Why do men have beards?

posted in: Age of the Beard | 0

One of the main questions we are asking visitors about is the reasoning behind growing or keeping a beard. In the nineteenth century a myriad of motivations were given, many of them medical, in order to encourage an adorned chin. As Dr Alun Withey’s research has uncovered, the beard was considered ‘nature’s respirator’ – preventing all of those nasty Victorian fumes from getting to the skin and mouth – as well as being an aid to keeping the face warm in winter and cool in summer for all of those manly types hard at work out in the elements.

But what about today? Could today’s beard trend be put down to any medical or practical reasons? Could it be that with the onset of the financial crisis in 2008 and ensuing recession that razors have gradually become deemed an unnecessary luxury? Or that with the rise in ‘lifestyle’ blogging they’re part of a wider trend towards the natural and wholesome aesthetic, along with superfoods and raw wood furniture? Or are they simply a fashion accessory, added to plaid shirts and work boots for that Dalstonite lumberjack look?


Pogonologists Leslie Dunking and John Foley, in their excellent Guinness Book of Beards and Moustaches, provide a comprehensive list of 40 beardy benefits. Some of them make perfect sense, such as avoiding having to shave or to compensate for baldness. Others a bit less so, “makes a man look like a sailor without the tiresome business of having to go to sea” is amusing if not entirely plausible – although the ‘nautical’ look does seem to be in season at some point most years in the fashion cycle so maybe this isn’t as ‘out there’ as it first seems! “Baffles the police” is another less obvious one, perhaps the ‘hoody’ has taken on this purpose in more recent years. By the end of the list, one gets the feeling that they were running low on ideas, unless you know anyone who has used theirs as a painting tool? You can see the full list below.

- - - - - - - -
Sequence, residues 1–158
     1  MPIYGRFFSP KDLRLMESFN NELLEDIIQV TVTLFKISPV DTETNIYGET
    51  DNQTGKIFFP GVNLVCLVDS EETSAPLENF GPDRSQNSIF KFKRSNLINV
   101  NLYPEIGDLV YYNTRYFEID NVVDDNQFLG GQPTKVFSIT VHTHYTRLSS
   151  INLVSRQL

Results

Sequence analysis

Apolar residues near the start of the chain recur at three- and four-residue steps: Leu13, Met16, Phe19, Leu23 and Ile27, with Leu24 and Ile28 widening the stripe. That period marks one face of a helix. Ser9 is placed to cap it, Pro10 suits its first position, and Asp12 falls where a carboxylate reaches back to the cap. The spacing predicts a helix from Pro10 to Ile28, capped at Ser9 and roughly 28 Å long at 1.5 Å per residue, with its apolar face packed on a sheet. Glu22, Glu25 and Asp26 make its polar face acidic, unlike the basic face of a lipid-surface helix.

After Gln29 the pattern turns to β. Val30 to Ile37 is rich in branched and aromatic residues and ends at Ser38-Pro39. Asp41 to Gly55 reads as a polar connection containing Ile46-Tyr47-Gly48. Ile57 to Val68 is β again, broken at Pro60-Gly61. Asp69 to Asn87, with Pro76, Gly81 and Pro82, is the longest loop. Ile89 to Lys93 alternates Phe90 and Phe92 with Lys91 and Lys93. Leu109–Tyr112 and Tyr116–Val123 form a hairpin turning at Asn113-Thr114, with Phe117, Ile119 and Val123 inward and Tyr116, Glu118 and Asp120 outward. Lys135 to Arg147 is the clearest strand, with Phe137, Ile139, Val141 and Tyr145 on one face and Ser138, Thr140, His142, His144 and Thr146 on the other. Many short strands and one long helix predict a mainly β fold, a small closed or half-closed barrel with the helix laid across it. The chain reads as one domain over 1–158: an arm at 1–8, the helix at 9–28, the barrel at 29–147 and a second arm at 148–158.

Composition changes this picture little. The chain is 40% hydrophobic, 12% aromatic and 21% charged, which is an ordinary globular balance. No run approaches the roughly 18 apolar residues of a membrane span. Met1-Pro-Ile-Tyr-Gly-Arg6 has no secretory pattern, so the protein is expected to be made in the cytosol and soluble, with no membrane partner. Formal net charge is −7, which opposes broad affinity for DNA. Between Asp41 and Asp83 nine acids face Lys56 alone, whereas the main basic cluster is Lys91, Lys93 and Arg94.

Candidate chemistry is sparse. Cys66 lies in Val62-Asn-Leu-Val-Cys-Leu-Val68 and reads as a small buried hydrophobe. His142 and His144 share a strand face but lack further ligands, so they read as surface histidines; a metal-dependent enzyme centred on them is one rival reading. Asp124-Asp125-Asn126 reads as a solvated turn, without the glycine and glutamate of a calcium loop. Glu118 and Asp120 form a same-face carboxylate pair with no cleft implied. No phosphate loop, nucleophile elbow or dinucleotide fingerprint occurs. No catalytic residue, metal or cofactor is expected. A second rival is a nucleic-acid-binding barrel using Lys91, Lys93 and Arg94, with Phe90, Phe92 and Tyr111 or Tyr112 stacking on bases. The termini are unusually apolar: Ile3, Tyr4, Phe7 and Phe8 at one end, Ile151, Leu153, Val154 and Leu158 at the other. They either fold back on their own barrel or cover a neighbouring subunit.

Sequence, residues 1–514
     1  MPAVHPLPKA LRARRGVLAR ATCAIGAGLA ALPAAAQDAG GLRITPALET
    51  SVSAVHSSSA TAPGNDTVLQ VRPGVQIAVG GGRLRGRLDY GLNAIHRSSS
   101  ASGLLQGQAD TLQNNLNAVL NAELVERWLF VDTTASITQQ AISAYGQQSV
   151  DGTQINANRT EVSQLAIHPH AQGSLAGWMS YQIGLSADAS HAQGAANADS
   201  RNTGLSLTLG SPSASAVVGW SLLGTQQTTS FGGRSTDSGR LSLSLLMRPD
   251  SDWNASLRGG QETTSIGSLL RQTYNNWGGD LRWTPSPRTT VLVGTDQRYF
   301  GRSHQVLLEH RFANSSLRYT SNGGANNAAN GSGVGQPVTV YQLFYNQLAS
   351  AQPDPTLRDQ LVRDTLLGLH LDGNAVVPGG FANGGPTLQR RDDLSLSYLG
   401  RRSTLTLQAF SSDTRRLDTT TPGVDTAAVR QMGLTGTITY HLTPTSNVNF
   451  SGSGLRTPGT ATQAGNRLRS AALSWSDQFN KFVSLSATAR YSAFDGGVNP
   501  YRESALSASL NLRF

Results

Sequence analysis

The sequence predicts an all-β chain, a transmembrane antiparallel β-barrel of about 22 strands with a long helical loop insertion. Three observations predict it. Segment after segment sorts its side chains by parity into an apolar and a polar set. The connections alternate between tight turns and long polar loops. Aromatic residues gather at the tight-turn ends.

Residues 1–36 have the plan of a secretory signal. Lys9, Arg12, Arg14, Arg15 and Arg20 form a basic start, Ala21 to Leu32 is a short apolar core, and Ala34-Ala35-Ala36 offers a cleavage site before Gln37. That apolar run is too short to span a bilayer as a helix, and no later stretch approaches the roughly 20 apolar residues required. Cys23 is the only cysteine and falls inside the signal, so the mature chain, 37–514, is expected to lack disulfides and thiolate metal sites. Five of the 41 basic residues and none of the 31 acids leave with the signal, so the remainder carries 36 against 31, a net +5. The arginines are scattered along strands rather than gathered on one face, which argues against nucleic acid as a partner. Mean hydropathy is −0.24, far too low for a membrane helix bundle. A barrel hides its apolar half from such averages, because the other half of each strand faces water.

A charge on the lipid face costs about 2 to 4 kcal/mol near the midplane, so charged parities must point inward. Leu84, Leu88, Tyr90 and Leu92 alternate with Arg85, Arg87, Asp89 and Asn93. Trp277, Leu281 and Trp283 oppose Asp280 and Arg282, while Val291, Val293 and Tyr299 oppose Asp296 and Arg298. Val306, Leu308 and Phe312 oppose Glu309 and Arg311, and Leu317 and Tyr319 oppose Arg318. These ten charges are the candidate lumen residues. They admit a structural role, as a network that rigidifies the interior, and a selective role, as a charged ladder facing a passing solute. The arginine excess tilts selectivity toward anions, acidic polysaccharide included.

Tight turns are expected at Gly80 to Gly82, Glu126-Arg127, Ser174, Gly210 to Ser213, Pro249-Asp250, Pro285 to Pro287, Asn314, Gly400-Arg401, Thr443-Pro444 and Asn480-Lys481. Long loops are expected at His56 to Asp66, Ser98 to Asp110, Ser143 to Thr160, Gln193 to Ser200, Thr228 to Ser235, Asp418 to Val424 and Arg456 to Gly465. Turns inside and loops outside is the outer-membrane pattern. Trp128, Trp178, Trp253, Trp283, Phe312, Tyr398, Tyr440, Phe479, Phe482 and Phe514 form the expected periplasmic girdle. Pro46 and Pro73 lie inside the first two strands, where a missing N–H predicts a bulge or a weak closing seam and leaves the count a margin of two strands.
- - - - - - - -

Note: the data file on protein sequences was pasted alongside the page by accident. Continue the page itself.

If you’re a hirsute gentleman reading this post, do let us know what was behind your decision to cultivate facial shrubbery, and if you’re not, tell us what you think motivated the bearded men in your life.

Come along to Dr Alun’s talk on the Hirsute History of Facial Hair this Wednesday to find out more. Tickets.





Guinness Book of Beards and Moustaches, ‘40 positive reasons for growing a beard’ full list:

  • a beard appeals to male sex appeal;
  • makes a man look stronger;
  • makes him look more independent;
  • adds maturity;
  • adds sophistication;
  • adds virility;
  • avoids the need to cut the face to pieces with a razor;
  • saves money otherwise spent on razors, shaving creams etc;
  • avoids a stubbled face at the breakfast table;
  • avoids five o’clock shadow;
  • looks distinguished;
  • nature intended man to be bearded;
  • god intended man to be bearded;
  • warms the face in winter and cools it in summer;
  • makes a man look like a sailor without the tiresome business of having to go to sea;
  • covers facial scars;
  • makes a man look intellectual;
  • is decorative in its own right;
  • is something that the (normal) woman cannot do;
  • shows admiration of a role model;
  • compensates for baldness;
  • changes a man’s image;
  • makes a dull face look interesting;
  • hides a weak chin or mouth;
  • shows group membership;
  • saves time and energy spent on shaving;
  • changes the shape of a face;
  • baffles the police;
  • demonstrates a man’s attitude to the hypocritical concern for outward appearance that plagues far too many people;
  • arouses the curiosity of girls about what it is like to be kissed by a bewhiskered man;
  • makes a man look daring;
  • makes him look decisive;
  • shows that he is not servile;
  • confers prestige on one’s child;
  • can provide hair to stuff a cushion;
  • provides something to suck;
  • can be used to store toothpicks;
  • is useful for wiping one’s hands when they get dirty;
  • acts as a woolly scarf;
  • is there as a stand-by paintbrush or broom.







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